Amsonia illustris Woods.

Shining Blue Star

Amsonia illustris plant2

Family - Apocynaceae

Habit - Perennial forb, sometimes woody near base.

Stems - Ascending to erect, to 1 m, usually multiple from base, sometimes branching near tips, with milky sap, glabrous.

Amsonia illustris stemStem and nodes.

Amsonia illustris sapSap of stem.

Leaves - Alternate, short-petiolate (becoming sessile near base of plant), simple, entire. Petioles to 1 cm long. Blades lanceolate to linear-lanceolate, sharply pointed, 12 cm long, 3 cm broad, shiny green and glabrous on upper surface, pale green and glabrous or sparsely hairy underneath.

Amsonia illustris leavesLeaves.

Amsonia illustris leaves2Glossy leaf upper sides.

Inflorescence - Terminal clusters, roughly cylindrical to hemispherical, 4-6 cm long at flowering, positioned above the leaves. Flower stalks 8-10 mm long, often tinged with blue.

Amsonia illustris inflorescenceInflorescence.

Flowers - Calyces 5-lobed, sparsely hairy, the lobes 1.0-1.2 mm long, triangular. Corollas 5-lobed, densely hairy internally, glabrous externally, the tube 6-7 mm long, about 1 mm wide at base, the throat 2.0-2.4 mm wide, the lobes 5-8 mm long, 1.5-2.5 mm wide, narrowly oblong to linear-lanceolate, light blue. Stamens 5, alternating with corolla lobes, adnate to corolla tube near apex. Anthers yellow-orange, 1 mm long. Style glabrous, 5 mm long. Stigma capitate, winged at base. Carpels 2.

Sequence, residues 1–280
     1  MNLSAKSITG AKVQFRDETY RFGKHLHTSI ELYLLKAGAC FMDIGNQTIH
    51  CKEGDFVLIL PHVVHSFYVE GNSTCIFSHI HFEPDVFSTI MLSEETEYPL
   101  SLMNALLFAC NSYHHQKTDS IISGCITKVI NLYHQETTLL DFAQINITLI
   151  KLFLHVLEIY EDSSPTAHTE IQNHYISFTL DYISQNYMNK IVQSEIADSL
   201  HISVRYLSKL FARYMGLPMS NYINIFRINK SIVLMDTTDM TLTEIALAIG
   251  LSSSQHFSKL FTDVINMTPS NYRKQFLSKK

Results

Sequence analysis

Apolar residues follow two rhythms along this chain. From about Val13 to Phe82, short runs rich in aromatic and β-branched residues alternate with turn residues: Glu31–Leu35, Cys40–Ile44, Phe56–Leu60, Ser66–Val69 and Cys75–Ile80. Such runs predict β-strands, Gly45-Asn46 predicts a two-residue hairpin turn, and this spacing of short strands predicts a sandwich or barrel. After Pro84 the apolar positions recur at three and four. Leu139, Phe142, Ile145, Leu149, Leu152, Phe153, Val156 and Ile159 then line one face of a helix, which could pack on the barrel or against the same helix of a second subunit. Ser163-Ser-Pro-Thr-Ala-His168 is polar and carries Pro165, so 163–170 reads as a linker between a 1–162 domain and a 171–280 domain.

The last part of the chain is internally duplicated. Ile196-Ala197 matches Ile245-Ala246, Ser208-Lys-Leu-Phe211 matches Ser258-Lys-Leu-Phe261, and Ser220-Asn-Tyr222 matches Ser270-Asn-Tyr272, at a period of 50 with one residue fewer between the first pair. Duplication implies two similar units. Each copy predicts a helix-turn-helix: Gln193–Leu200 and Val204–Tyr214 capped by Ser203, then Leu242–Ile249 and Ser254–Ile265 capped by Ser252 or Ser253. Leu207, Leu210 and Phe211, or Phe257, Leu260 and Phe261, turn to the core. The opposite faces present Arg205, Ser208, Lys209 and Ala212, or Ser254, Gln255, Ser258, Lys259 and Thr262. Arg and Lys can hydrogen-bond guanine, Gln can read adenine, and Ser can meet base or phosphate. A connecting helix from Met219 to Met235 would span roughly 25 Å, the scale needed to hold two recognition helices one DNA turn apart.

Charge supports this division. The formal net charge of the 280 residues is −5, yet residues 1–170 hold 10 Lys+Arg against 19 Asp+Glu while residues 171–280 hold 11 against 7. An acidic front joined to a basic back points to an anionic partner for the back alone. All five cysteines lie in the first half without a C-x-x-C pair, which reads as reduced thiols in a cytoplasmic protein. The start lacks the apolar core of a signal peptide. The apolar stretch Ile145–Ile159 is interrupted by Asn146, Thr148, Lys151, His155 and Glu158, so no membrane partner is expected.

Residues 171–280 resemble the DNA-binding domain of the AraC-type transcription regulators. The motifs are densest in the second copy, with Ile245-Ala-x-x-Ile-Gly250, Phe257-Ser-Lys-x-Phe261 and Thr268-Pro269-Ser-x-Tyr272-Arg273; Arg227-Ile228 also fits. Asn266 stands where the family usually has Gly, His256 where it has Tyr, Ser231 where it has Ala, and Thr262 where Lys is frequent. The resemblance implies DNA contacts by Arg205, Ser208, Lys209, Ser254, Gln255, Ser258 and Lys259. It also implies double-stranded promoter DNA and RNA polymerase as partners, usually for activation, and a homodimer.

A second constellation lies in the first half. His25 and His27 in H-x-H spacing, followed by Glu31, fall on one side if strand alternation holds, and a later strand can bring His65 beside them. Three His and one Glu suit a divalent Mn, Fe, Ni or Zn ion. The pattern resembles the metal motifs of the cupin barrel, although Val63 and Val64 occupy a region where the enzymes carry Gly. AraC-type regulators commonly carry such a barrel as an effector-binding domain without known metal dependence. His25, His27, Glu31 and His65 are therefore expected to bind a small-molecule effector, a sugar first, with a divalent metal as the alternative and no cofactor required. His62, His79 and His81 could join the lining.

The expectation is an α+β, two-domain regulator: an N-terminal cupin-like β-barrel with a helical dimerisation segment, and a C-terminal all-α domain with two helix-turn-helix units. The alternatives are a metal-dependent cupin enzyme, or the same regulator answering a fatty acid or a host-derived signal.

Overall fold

Amsonia illustris calyxCalyx and corolla tube.

Amsonia illustris flowerCorolla.

Amsonia illustris flowersCorollas.

Fruits - Slender follicles to 12 cm long, terete, many seeded, glabrous, drooping at maturity, positioned among the leaves, slightly constricted between the seeds and sometimes breaking between them. Seeds 6-9 mm long, 2-3 mm wide, the surface usually with low, corky ridges and tubercles, dark brown.

Flowering - April - May.

Habitat - Rocky ground along bluffs and streambanks, gravel bars, occasionally glades.

Origin - Native to U.S.

Other info. - This plant is quite striking when in flower and is gaining popularity as a cultivated ornamental. The shiny green leaves and dense flower clusters are very attractive, and the slender pods add interest in the autumn. In Missouri it is generally found south of the Missouri River and in the western 2/3 of the state. Another species, A. tabernaemontana Walt., looks similar but has duller leaves which are also slightly broader, glabrous calyces, and fruits borne erect. A. illustris has been viewed as a variety of A. tabernaemontana, though the characters listed above and the habitat preferences seem to be consistent differences.

Photographs taken at Schumaker Park, Jackson County, MO., 5-12-00, and in Ripley County, MO., 5-15-04 (DETenaglia); also at Shaw Nature Reserve, Franklin County, MO, 4-29-2007 and 5-23-2008; and on gravel bars in the Meramec River, Crawford and St. Louis Counties, 4-18-2012 and 5-4-2012 (SRTurner).